ExxonMobil's capital investments in US downstream totaled $2.5 billion in 2016, a decrease of $200 million from 2015, mainly reflecting lower refining project spending.


The US petrochemical industry continues to enjoy optimism about future investment, thanks to the continued low cost of natural gas liquids, a primary feedstock for building-block chemicals such as ethylene.

Global demand for ethylene and other chemicals remains strong, providing export opportunities for US producers, resulting in increased investment in the US.

In November 2016, ExxonMobil announced plans to add a production unit at its Beaumont, Tex., polyethylene plant that would increase capacity by 65%, or about 650,000 tonnes/year. Construction of the unit has begun and start-up is expected in 2019.

In September 2016, LyondellBasell said it will build a high-density polyethylene plant with capacity of 500,000 tonnes/year at its La Porte, Tex., manufacturing complex. Construction is scheduled to begin early this year with start-up planned for 2019.

Meanwhile, construction of several crackers is reaching completion. Joint-venture partners OxyChem and Mexichem are likely to be the first to finish a project this year, with their Ingleside ethylene plant on track for commissioning in January. Two separate 1.5 million-tpy crackers being constructed in Texas by CPChem and Dow Chemical are on target to come online in midyear. ExxonMobil's 1.5 million-tpy cracker in Baytown, Tex., also is expected to come online this year.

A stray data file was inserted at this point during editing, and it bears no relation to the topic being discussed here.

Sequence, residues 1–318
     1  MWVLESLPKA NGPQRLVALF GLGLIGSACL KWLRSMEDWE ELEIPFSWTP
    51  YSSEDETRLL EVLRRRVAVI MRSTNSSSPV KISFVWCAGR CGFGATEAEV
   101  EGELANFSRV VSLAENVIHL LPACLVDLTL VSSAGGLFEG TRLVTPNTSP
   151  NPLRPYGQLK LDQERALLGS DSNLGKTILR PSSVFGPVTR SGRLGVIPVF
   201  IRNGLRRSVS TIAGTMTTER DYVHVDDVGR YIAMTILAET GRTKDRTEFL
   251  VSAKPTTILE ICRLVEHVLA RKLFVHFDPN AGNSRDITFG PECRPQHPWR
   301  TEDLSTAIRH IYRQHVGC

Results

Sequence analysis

US pipelines, LNG

With near-term US crude and product pipeline construction plans shrinking, gas pipeline projects will account for a large portion of pipeline capital outlays in the US this year. However, there is increased concern that a number of pipeline projects targeting startup in this year's second half might not hit their deadlines.

OGJ's most recent Worldwide Pipeline Construction report identified plans for the construction of 350 miles of crude and products lines and 1,156 miles of gas pipelines in the US this year (OGJ, Feb. 6, 2017, p. 62). Plans in 2016 called for construction of 3,329 miles of crude and product lines and 974 miles of gas lines.

Expenditures for oil and product pipelines, including pump stations, will total $2.3 billion. This represents a 89% plunge in capital outlays from 2016. In contrast, spending for gas pipelines and associated compressor stations will jump 18% from the previous year to $7.6 billion.